Summer means snorkeling for many a visitor to the Mexican Caribbean. Lazy days spent swimming through crystal-clear waters and an ever-changing parade of colorful marine creatures of all shapes and sizes. Take the plunge on your next vacation, it’s easy, fun for all the family and addictive. Try it once and you’ll never want to stop! There are plenty of shallow water reefs, sheltered bays and inlets along the coast where you can indulge your latest passion.
Thomas More Travel offers a variety of trips to great snorkeling spots in Cancun and the Riviera Maya. You can even charter a boat and escape fellow swimmers on your own adventure. Here are some ideas.
Cancun-Isla Mujeres Area
Protected by a marine reserve, the chain of shallow water reefs in the bay between Isla Mujeres and Cancun and south to Punta Nizuc, is an excellent place to start exploring the Mesoamerican Reef. Trips are available to the reefs off Punta Cancun and Punta Nizuc in Cancun and El Farito and Manchones Reef approaching Isla Mujeres. Snorkeling is also a popular activity in El Garrafon Park on the southern tip of Isla Mujeres.
Marine life ranges from elk horn and brain coral and gardens of sea fans to sergeant majors, jacks, grunts, damsel and angelfish, rays and moray eels.
Cancun Underwater Sculpture Museum
The Cancun-Isla Mujeres National Marine Park has another attraction to offer snorkelers, the world’s largest underwater sculpture museum, inaugurated in 2009. More than 400 statues by British sculptor Jason deCaires-Taylor have already been submerged in different locations in the Cancun-Isla Mujeres Reef Park, including Punta Nizuc, Manchones Reef, Aristos and La Carbonera and more are planned.
Apart from their artistic appeal, the figures provide a habitat for corals and sponges to colonize, in time attracting small fish and crustaceans and creating new reef communities. This will give popular coral reefs a chance to recover.
Spend a day on the beach and snorkeling in Puerto Morelos, 20 minutes to the south of Cancun Airport. Also protected by a national marine park, the reef is home to species such as angelfish, trunkfish, snappers and octopus.
Always a good place for a family outing, Xel-Ha is hailed by locals as the world’s largest natural aquarium. It is an enormous inlet of crystalline waters fed by underground rivers flowing through the surrounding mangroves and forest.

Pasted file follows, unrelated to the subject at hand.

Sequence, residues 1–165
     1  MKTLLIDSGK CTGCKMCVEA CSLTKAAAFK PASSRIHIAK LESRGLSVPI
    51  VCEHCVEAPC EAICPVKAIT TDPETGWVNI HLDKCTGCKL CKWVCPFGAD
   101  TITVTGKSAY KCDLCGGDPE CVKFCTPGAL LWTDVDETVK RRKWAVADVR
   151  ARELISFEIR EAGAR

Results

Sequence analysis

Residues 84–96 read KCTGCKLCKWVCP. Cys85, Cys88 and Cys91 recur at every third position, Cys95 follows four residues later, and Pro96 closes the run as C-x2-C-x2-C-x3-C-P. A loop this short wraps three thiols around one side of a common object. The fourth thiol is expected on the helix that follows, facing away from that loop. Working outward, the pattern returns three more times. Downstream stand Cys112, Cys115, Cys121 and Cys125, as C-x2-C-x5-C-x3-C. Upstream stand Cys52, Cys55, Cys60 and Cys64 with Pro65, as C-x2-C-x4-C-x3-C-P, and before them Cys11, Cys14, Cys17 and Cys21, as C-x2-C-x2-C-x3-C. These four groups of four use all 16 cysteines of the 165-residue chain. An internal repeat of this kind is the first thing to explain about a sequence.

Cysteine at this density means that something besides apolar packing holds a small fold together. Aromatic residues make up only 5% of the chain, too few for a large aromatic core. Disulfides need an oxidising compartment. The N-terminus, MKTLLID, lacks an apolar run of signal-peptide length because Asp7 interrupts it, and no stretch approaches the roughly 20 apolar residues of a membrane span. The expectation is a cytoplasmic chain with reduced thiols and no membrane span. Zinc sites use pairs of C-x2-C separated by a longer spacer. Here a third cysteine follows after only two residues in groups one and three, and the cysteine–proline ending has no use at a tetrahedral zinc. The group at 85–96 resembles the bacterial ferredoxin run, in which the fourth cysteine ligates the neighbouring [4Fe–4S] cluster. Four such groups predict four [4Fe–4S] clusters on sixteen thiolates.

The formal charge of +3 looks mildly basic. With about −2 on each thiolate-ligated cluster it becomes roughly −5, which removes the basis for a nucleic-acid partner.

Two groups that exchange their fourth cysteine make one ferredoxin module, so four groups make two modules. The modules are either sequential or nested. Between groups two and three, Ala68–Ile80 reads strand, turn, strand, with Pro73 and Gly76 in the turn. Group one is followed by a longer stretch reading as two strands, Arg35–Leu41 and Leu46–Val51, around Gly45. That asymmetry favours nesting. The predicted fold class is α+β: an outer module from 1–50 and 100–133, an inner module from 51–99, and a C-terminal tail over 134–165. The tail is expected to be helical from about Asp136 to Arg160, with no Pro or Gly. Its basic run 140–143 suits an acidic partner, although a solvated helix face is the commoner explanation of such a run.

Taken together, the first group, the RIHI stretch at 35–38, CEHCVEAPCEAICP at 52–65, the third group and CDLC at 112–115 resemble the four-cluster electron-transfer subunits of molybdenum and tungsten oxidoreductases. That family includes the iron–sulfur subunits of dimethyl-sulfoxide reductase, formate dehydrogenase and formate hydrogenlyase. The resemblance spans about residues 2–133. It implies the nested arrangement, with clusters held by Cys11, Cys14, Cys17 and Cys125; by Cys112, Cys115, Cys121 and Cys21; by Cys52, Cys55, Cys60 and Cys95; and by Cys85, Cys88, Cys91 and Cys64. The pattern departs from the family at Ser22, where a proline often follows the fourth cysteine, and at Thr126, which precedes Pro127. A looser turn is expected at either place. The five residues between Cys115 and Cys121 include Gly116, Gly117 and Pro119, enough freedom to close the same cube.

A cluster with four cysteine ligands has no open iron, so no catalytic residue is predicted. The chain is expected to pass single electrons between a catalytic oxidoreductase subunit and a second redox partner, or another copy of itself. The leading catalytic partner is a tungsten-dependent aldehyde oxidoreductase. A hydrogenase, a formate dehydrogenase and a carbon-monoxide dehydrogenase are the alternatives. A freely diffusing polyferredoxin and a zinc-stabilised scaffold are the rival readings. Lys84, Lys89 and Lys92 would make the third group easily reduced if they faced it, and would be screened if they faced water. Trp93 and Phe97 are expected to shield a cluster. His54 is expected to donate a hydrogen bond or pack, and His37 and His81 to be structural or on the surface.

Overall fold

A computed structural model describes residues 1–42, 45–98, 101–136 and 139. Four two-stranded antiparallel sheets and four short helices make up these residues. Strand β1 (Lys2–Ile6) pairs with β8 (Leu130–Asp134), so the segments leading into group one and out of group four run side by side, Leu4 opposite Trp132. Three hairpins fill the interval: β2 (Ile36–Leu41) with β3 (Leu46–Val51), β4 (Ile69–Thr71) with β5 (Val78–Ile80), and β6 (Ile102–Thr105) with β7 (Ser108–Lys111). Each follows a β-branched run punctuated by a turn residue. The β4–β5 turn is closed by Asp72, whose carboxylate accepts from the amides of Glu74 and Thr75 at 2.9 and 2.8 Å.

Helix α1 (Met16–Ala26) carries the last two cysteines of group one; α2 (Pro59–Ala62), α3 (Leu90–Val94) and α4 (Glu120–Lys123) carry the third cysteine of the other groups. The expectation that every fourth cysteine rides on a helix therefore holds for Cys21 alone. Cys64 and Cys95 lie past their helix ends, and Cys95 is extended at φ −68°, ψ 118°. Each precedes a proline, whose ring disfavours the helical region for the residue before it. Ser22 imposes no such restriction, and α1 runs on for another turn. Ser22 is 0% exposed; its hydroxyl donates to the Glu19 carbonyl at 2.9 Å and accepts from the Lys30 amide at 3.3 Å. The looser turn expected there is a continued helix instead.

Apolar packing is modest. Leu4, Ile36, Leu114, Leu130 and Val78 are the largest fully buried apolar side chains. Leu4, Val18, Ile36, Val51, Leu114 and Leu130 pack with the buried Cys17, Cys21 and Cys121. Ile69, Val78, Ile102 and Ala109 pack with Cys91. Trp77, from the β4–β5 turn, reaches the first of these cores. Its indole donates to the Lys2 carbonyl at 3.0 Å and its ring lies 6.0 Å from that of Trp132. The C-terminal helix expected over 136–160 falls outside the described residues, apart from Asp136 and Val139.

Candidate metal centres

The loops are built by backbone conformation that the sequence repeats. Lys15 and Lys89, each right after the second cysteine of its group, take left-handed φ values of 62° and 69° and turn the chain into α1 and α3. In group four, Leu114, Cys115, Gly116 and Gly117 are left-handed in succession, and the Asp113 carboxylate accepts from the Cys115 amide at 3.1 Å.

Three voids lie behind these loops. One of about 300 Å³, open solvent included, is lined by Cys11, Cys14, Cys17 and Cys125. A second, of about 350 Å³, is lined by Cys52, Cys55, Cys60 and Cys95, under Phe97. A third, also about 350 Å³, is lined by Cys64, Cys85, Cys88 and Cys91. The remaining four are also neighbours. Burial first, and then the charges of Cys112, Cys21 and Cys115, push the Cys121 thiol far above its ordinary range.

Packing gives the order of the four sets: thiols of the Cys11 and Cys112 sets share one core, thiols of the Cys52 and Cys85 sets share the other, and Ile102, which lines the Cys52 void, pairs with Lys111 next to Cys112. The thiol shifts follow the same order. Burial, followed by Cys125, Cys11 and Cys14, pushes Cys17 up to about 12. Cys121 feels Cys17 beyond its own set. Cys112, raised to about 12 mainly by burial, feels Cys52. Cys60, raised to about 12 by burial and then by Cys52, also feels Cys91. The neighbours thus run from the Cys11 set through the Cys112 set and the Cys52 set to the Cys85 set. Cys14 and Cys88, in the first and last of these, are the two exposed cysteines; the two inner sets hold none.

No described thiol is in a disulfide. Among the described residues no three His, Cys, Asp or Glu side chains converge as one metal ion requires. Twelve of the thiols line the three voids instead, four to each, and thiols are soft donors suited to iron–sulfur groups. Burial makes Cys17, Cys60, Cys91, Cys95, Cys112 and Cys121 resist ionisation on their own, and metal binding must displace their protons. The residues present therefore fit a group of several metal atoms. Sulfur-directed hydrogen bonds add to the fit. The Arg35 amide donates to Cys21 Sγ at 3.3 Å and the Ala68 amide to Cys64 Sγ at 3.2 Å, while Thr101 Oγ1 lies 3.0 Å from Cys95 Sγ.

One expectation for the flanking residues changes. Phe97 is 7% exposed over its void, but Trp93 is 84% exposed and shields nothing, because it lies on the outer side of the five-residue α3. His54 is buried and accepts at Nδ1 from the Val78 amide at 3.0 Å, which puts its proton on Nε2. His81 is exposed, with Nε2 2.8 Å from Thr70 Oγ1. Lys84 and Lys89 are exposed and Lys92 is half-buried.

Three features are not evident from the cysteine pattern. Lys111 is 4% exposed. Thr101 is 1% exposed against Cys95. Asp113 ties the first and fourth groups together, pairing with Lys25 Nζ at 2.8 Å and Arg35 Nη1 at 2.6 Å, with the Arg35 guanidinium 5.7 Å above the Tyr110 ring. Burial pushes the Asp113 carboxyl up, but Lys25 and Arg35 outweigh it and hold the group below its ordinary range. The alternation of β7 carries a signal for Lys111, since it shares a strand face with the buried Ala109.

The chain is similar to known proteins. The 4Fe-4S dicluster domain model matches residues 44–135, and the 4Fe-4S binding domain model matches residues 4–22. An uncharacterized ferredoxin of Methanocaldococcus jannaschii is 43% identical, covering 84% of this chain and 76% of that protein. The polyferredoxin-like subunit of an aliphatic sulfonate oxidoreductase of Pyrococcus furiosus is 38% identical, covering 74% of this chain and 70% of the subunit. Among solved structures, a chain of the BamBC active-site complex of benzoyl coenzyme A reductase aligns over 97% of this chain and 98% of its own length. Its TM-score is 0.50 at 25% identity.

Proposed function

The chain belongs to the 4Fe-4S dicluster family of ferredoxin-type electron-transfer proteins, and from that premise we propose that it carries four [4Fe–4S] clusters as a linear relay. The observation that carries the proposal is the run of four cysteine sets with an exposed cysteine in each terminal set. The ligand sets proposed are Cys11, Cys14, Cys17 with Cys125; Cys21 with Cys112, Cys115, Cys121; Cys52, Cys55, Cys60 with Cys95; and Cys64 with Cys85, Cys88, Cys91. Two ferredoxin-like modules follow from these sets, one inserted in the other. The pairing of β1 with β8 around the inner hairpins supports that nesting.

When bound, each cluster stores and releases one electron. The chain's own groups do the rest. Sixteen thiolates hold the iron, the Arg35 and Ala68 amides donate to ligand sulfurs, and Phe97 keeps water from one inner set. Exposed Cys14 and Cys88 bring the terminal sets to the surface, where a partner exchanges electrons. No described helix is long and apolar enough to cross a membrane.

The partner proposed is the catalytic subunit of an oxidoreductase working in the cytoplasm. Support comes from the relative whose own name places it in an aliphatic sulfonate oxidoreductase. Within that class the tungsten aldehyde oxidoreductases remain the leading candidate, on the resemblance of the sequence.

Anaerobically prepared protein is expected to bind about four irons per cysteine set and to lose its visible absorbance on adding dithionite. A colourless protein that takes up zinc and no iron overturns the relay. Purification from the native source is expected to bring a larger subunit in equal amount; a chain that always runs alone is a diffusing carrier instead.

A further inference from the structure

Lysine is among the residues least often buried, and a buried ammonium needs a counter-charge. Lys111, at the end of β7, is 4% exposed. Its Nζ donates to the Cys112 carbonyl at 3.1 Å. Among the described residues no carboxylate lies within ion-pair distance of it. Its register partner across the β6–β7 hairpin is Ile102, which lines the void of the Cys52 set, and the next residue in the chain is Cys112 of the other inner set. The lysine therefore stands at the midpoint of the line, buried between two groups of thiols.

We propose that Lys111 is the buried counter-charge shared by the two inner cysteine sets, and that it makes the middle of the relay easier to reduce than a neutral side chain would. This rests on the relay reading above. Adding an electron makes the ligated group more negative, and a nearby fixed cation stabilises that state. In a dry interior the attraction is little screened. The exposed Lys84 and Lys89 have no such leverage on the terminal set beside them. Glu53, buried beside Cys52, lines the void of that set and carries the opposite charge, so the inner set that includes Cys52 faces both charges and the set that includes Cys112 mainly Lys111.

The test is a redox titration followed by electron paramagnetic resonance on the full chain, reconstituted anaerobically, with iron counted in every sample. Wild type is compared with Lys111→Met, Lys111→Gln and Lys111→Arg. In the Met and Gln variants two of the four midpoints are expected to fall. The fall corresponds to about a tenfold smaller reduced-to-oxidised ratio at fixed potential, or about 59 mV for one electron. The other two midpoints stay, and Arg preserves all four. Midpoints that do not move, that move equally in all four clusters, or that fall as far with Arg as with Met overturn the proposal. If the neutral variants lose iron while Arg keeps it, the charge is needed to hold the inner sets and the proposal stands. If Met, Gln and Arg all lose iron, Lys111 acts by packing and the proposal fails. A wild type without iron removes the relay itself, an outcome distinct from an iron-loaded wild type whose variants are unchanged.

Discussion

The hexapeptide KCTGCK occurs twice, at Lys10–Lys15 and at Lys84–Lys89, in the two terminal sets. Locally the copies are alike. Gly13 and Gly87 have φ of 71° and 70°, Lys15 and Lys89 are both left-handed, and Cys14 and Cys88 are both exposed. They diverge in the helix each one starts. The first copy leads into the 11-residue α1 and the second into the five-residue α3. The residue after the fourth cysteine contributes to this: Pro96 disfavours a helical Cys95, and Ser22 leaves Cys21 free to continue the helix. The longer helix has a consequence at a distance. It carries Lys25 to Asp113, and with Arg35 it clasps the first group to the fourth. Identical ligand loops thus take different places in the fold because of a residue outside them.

Rainbow-colored fish from nearby reefs feed and breed in the inlet and swimmers will see shoals of sergeant majors, blue chromis and one of the park’s emblems, the parrotfish, as soon as they venture into the water. Snorkel over to the rocks and further into the lagoons and you’ll see even more marine life.
Paths wind through the jungle around the inlet leading to secluded pools and cenotes, and attractions such as the Lazy River, the Cliff, the Mayan Cave and the dolphin area. For a breathtaking view of the turquoise waters, walk back across the floating bridge at the mouth of the inlet. Larger fish such as snappers and jacks congregate around the bridge.
Like its larger cousin, Xel-Ha, Yalku is a natural aquarium frequented by a variety of colorful fish from the offshore reef. Look out for parrot, surgeon and butterfly fish, blue tangs and sergeant majors. The inlet is located to the north of Akumal, a five-minute drive along the coast road.
This picturesque bay has a palm-lined beach and an offshore reef for diving and snorkeling. You can also walk or drive north along the coast road to Half Moon Bay or Bahia de la Media Luna where the corals are much closer to the shore (reef shoes required here).
Marine life is varied and abundant in Akumal, even in the shallows. Royal grammas, spotted drums and damselfish dart through the corals and parrotfish and eagle rays are frequently observed. The greatest thrill of all, however, is to spot a green or loggerhead turtle grazing on the sea grass. Watch from a distance, do not approach her or make a noise and she may swim past you, giving you the chance to see her beautiful markings. A vacation memory to treasure, no wonder Akumal means “place of the turtles” in Maya.
If you decide to go snorkeling, please follow these guidelines and help preserve the reefs for future generations.
• Do not apply sun lotion if you are going snorkeling, opt for eco-friendly biodegradable brands or wear a t-shirt instead. Sun products damage the coral and pollute the water.
• Do not touch the coral or stir the sand up in the vicinity of the reef. The slightest touch can cause damage that will take the coral centuries to recover from.
• Do not remove shells or other marine creatures from the reef.
• Watch your step; spiny sea urchins can cause nasty wounds.
• Don’t forget your underwater camera!